Decision made, I looked forward to it, thinking I might say a prayer while we were burning it. Laurence wasn’t keen so it was supposed to be the doula and me but when it came to it, I was completely exhausted so they did it while I lay back and awkwardly snapped these shots.
On one hand, it was beautiful and did feel significant. Also, there was no need to worry about the midwives. They just kind of let us get on with it.
The cord was tied with a ribbon (embroidery thread would have been better), the placenta placed in a bowl and two candles held to the umbilical cord over a bowl to catch the wax.
It took a long time, though. I didn’t realise this until Laurence told me tonight that it took about thirty minutes! He found it stressful because we were waiting for an ambulance to arrive and had no idea when it would. Also, there were concerns over Ophelia’s temperature. Ah well.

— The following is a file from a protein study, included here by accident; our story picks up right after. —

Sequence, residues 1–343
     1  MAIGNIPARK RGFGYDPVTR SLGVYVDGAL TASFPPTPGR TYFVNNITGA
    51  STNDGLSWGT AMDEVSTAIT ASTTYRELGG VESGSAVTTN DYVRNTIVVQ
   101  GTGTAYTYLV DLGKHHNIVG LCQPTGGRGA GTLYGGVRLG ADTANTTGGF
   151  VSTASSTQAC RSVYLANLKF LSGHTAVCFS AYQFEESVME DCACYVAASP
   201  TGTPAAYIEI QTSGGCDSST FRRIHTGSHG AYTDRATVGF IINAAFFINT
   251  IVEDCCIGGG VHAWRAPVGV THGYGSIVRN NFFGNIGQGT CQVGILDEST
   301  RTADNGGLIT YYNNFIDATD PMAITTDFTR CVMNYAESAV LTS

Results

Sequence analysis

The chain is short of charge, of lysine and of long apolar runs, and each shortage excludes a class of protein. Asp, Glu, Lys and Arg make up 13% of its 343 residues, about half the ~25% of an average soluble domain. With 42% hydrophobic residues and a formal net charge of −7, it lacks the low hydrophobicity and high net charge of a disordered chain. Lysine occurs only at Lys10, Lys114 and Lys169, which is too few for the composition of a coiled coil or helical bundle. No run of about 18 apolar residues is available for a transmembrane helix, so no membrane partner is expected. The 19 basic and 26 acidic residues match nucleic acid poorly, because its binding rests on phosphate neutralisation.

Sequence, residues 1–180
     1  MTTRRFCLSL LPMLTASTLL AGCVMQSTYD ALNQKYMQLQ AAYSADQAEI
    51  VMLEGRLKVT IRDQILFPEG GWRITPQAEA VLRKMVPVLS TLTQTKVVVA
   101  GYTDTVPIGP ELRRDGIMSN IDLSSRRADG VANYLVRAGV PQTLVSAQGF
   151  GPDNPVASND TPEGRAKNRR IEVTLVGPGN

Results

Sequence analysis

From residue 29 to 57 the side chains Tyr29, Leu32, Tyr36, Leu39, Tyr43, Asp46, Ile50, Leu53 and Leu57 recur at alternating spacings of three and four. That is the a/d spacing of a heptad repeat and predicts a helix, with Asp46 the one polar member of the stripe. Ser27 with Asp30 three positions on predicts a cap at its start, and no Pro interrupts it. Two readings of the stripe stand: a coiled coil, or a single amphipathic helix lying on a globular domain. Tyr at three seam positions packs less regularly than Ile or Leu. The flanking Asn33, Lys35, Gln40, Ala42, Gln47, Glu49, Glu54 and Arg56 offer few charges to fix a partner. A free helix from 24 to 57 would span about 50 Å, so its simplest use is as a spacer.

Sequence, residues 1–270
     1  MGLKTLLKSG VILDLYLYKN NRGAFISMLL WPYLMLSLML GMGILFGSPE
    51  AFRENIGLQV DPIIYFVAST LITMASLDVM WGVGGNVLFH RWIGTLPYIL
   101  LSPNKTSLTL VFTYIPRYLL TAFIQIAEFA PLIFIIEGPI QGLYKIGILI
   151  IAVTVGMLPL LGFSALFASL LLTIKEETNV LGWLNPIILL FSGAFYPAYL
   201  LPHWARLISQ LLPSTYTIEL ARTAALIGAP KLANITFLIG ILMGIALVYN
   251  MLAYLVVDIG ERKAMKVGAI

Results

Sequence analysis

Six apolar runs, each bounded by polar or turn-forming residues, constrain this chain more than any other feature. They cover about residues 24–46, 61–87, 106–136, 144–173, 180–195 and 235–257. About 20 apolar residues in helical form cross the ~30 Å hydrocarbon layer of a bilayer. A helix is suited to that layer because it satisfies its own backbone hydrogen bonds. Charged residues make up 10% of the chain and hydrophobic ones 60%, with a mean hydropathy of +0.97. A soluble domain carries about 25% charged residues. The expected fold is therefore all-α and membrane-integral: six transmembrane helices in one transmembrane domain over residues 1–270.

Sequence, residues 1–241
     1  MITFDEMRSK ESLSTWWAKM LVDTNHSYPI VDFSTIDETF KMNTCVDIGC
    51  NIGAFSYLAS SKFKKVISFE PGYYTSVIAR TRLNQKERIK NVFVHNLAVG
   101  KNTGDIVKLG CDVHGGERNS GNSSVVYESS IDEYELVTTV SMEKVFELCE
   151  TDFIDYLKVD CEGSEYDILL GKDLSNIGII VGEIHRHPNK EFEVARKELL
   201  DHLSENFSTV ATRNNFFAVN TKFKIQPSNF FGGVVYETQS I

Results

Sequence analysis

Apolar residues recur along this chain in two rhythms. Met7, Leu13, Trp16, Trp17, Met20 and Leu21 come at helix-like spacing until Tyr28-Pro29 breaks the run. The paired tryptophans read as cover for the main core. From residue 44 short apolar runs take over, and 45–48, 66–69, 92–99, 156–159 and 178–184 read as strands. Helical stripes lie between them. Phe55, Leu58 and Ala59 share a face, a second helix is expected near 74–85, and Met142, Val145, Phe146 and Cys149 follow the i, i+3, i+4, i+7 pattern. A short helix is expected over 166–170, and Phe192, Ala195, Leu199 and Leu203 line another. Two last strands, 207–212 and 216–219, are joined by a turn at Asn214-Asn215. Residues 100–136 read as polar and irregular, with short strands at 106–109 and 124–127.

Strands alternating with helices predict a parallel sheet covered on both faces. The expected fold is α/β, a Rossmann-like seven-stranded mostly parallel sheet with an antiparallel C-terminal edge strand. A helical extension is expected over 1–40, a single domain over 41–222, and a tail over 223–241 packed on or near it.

As it healed, the umbilical cord got rather smelly. I thought I’d mention that as I couldn’t find much information on this anywhere. It wasn’t a problem at all and the midwife who discharged us from the hospital (we transferred after our home birth) said it was just because of the burning. It’s healed really nicely. The cord fell off on day six.
Having done it, I’m glad we did it but, being totally honest, I’m not sure we’d choose cord burning again.
Circus Queen is a finalist in The MAD Blog Awards. Please vote for me to win “Best Pregnancy Blog”.
I’ve wondered since what it could have looked like in a photograph – that moment she shot out of me with one last mighty push. I’m glad no camera caught it, that everyone in the room was too involved to pick up a camera. Seeing it through another’s lens might have warped my own memory. My memory of it is perfect. A perfectly formed, tiny baby plunged out into the water and suddenly there was relief.